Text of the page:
On the work front, it’s been a banner week for my boys. One was promoted into supervisory training, one was assigned to help manage operations for a major store remodel, and one was accepted into his first choice for graduate school. Am I a proud mom or what?
Still, I have learned a lot by watching them. How have they made progress? One choice at a time. As Michael Hyatt advises, they’ve been doing “the next right thing.”
1. Show up on time, be ready to work. Don’t be a slacker. Go the extra mile for your colleagues. Respect and serve your customers.
2. Make a goal, and then act to make it come true. One scary step at a time, even if the chance of success is slim, reach out and risk it.
3. Do it tired. Ben, his wife Jessica, and Nathan are working while taking a full load at Portland State. Sleep is a precious commodity—but so is finishing school.
4. Enjoy your coworkers. Be helpful. Diffuse tough situations with humor. “Remember the human.”
5. Follow Jesus and be part of His community. Don’t just stand on the sidelines. Engage. Serve. Encourage.
6. But always, always make time for fun. Work before play? Naw. Who does that? (See No. 3, above.) Because sometimes lost sleep is worth it.
What’s not to love? In this four-minute video, screenwriter Mike White (School of Rock, Nacho Libre) gives you permission to “live and breathe” your writing project, using cycles of work and “creative procrastination.”
Don’t miss his yoga session with an apple fritter (or is it a burger?) in hand. This is my idea of multitasking!
Of all the attributes of love, mercy and forgiveness are perhaps the most cherished. I marvel at the many times God has shown mercy to me, and I remind myself that He asks me to extend that same forgiveness to others.
But do we treasure those second chances? Or do we presume that there will be more of them? Do we think that our responsibility to grow and change does not matter all that much?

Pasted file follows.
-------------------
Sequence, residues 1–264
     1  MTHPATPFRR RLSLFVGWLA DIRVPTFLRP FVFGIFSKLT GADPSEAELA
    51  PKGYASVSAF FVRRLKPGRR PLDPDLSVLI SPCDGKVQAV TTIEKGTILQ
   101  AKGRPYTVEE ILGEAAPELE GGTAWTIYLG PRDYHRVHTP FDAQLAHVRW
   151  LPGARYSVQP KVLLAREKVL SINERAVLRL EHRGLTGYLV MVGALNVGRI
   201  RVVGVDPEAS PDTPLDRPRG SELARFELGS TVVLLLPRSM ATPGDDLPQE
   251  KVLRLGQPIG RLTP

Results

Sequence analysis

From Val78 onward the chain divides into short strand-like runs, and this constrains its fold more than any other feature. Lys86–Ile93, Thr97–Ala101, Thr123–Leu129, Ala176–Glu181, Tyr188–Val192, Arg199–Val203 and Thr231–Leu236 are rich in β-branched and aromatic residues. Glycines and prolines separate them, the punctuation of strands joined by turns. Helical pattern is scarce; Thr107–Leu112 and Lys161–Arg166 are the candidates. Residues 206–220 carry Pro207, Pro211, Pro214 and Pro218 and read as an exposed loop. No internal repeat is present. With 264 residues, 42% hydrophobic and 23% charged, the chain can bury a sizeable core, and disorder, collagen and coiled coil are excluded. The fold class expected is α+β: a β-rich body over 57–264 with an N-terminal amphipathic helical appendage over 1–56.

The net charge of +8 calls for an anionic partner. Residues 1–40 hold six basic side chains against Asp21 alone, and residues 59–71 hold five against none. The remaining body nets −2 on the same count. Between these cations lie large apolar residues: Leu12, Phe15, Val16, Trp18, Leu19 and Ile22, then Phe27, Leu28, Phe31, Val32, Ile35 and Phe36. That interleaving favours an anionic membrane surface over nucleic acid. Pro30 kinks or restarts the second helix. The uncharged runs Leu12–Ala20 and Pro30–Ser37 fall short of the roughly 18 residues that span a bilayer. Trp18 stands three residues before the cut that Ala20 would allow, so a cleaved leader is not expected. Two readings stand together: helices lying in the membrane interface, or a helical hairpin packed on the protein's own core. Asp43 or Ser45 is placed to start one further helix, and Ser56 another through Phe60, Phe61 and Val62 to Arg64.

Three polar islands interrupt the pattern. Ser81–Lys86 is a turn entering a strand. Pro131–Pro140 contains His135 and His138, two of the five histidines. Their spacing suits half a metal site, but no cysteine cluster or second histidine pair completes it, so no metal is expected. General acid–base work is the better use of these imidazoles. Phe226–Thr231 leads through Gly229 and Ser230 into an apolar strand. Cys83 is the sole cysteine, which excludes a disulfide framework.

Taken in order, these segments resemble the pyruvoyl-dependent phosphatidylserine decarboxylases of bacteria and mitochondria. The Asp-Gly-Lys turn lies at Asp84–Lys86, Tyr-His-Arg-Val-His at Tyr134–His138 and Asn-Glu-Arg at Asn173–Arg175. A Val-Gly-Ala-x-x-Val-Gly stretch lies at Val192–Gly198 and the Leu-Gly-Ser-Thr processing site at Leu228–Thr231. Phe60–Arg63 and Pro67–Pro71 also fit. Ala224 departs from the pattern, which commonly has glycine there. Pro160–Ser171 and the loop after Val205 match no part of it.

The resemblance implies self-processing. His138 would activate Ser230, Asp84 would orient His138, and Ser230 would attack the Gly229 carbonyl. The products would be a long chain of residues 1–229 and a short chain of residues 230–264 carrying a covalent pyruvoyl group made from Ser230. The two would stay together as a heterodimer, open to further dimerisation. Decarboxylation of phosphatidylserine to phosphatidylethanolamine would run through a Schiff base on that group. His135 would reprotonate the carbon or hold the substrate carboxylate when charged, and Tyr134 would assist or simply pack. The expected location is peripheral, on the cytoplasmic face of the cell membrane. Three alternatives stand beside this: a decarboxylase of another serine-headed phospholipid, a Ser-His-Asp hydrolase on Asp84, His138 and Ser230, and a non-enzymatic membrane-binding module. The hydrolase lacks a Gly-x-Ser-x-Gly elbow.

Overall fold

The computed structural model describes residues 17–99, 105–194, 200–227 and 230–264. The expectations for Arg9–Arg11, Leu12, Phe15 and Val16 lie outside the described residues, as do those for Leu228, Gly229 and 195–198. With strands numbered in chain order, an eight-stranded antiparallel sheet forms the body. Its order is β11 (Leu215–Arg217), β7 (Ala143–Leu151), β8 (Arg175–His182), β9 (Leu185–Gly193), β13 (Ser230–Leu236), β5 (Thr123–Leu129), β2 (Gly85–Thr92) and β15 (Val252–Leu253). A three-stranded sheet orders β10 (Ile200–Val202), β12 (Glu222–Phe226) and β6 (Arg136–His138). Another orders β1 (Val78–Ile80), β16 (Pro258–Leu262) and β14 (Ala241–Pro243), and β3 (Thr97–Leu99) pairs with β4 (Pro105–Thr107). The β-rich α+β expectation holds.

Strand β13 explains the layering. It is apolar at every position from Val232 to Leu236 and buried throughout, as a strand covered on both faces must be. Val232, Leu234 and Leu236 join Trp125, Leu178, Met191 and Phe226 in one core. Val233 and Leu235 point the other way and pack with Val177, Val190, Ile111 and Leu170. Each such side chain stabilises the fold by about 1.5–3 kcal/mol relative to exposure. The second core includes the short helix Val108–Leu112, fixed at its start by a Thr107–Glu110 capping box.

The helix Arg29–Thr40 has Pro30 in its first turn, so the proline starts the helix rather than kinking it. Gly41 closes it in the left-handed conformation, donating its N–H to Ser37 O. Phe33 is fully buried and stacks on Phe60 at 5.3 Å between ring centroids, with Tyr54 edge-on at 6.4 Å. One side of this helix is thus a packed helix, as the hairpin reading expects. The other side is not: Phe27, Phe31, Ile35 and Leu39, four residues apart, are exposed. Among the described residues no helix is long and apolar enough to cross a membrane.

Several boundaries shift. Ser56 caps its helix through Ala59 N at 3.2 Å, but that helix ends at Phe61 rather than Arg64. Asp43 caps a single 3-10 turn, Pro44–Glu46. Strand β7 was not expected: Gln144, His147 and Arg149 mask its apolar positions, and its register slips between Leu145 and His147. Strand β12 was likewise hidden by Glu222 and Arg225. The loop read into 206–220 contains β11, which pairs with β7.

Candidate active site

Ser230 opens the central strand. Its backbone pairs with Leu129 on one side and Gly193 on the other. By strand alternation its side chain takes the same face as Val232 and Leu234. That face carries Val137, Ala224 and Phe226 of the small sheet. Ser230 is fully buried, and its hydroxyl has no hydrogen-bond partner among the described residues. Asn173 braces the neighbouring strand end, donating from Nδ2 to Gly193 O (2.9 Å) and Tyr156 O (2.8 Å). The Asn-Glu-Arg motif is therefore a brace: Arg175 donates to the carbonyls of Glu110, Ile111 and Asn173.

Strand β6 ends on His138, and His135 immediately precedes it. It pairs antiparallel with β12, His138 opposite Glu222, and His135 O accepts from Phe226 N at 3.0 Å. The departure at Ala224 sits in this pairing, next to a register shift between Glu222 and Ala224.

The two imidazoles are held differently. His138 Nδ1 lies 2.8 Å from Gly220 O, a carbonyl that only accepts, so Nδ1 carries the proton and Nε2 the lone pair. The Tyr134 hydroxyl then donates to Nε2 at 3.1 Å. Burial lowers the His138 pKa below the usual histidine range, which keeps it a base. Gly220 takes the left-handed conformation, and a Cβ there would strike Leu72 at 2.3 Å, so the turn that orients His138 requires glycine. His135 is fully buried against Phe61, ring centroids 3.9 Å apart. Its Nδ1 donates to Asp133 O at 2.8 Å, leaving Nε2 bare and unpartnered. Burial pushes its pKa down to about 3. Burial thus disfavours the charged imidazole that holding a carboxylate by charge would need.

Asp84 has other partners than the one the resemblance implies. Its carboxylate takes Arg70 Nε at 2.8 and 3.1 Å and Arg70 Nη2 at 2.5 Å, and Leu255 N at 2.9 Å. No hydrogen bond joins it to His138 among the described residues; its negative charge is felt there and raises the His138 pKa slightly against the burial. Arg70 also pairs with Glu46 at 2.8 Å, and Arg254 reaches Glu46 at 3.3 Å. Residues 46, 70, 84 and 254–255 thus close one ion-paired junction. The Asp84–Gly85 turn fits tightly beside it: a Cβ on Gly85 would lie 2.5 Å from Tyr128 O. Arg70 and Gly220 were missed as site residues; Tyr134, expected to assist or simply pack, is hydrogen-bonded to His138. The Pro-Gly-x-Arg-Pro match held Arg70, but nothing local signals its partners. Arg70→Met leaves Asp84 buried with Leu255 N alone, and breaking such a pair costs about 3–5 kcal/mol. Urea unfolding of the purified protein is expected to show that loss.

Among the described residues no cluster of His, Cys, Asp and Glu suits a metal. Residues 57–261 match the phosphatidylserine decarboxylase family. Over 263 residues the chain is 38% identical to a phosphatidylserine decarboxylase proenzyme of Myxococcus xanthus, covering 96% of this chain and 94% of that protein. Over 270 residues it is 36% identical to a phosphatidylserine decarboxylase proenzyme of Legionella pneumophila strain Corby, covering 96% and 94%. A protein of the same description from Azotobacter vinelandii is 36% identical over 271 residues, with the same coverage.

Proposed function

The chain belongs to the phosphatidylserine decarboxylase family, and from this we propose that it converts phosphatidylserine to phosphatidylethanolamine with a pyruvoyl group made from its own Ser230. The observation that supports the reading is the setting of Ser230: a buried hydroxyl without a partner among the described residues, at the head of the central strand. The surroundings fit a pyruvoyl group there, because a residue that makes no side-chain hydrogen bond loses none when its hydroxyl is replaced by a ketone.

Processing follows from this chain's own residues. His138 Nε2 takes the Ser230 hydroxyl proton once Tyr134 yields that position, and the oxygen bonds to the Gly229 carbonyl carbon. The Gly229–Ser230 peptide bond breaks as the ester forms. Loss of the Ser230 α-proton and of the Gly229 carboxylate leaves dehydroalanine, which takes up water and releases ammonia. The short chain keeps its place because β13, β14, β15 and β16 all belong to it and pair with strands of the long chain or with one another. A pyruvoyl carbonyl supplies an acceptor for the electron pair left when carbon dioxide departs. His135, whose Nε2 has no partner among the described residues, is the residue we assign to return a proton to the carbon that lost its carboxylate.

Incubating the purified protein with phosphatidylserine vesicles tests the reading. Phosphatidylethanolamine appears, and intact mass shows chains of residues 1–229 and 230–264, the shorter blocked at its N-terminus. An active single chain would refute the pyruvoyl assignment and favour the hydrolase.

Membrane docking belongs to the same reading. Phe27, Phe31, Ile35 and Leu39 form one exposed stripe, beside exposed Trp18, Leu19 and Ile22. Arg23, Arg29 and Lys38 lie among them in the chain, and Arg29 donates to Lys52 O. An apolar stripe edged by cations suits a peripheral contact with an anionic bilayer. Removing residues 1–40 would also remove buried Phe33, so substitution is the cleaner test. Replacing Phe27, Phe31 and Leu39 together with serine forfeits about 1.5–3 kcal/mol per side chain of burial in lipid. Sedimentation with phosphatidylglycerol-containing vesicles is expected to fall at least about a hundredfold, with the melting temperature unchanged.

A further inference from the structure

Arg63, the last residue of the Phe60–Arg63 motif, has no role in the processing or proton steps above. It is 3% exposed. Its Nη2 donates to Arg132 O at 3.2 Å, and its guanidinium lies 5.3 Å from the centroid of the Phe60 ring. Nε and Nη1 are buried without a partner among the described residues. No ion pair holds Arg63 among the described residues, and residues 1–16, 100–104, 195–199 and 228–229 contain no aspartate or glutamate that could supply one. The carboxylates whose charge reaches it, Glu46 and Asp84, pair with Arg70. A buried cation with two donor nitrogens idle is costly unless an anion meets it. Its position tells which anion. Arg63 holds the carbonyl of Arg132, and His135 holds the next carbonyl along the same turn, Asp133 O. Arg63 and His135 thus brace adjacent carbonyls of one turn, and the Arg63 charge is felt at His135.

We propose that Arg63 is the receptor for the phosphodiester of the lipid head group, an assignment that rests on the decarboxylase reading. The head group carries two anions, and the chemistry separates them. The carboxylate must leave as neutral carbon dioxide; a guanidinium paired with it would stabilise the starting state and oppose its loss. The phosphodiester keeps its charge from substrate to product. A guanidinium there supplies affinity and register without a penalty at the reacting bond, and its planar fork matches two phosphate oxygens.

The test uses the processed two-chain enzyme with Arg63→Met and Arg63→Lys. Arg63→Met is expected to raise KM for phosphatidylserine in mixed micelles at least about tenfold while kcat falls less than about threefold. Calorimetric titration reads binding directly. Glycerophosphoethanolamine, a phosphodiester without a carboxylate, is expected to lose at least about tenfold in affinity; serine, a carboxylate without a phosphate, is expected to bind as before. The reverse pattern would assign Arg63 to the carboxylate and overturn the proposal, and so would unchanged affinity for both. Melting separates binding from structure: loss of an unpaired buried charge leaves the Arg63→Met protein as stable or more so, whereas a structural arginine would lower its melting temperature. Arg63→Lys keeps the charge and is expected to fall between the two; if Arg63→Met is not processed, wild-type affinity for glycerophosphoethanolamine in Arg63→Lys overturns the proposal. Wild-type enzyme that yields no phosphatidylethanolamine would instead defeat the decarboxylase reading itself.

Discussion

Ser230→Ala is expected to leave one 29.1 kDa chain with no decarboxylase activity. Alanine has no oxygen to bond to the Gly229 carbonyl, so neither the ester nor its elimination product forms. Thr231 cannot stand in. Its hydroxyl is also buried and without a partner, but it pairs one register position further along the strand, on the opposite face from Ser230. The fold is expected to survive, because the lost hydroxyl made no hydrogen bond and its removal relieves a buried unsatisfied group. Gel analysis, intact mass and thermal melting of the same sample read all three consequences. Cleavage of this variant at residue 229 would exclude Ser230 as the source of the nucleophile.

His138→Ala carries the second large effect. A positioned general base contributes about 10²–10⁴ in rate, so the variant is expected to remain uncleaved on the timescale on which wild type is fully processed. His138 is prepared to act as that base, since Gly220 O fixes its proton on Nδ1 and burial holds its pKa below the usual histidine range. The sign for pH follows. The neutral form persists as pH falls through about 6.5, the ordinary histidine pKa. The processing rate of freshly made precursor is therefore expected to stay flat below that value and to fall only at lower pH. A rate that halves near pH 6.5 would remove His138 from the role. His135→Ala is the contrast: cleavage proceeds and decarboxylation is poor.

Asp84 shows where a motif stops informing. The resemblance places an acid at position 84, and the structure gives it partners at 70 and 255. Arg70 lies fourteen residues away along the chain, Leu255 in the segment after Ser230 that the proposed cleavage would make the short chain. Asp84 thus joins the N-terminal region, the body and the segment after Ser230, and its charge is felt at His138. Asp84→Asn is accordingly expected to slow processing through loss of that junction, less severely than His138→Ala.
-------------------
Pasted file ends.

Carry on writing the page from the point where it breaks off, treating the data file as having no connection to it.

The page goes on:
God gives us the freedom to choose our actions, but not the consequences. And those consequences can be tragic.
On Wednesday my friend, Dale McConachie, was killed when his car was struck from behind and pushed into a concrete struture. You will search long and hard to find a more compassionate, encouraging, kindly man than Dale. He wore many hats: play-by-play sports broadcaster, radio announcer, teacher, and follower of Jesus. To his wife and daughters his loss is especially profound, and we mourn with them. Today his class on 2 Corinthians, “The God of Encouragement,” was set to begin. That classroom will be empty.
The young man responsible for Dale’s death did not learn from his second chance. In 2014 he completed an alcohol diversion program, designed for first time DUI offenders. This meant, among other things, that his car was rigged with an ignition interlock device. If he drank at all, even a tablespoon of Nyquil, not only would his car not start, but the offense would be recorded. Apparently during Diversion he was successful, but not for long after that.
Because at the scene of Wednesday’s accident, his blood alcohol level was 0.36, more than four times the legal limit. He was taken from the hospital to the county prison. With bail set at $260,000, I don’t think he’ll be going anywhere soon. He is only twenty-five years old.
Dale would urge me to have compassion instead of bitterness, and I’m working on it. After all, I have been forgiven of much. And Joshua Vann will have many sober years in prison to grapple with what he’s done. Finish high school. Pull his life together. And perhaps become like Dale, a follower of Jesus.
Who knows, maybe he will listen to Dale’s beautiful voice. It could happen. Dale considered the opportunity to record the Bible to be the biggest blessing of his vocational life.
If you’ve ever considered purchasing an audio Bible, this is the one. Dale said that his goal in recording is for you to feel, when driving down the road, as if your best friend is in the front seat, reading the Bible to you. Click on Dale’s image to hear him read Romans 8.
And let’s treasure–and learn from–our second chances. Because life on earth is wonderful, but so very brief. I’ll be leaving in a few minutes for service, and will doubtless walk past that empty classroom.
I am for your best interest.
A friend loves at all times, and a brother is born for adversity. (Proverbs 17:17)
I will help you become all that God wants you to be.
Iron sharpens iron, and one man sharpens another. (Proverbs 27:17)
I will continually seek God’s help in being a good friend.
This is my commandment, that you love one another as I have loved you. Greater love has no one than this, that someone lay down his life for his friends. You are my friends if you do what I command. (John 15:12-14)
These are powerful words from my friend and mentor, Gary Dozier. Today, right now, do you need to hear this as much as I do?
~ From Gary’s talk to students titled How to be a Good Friend ~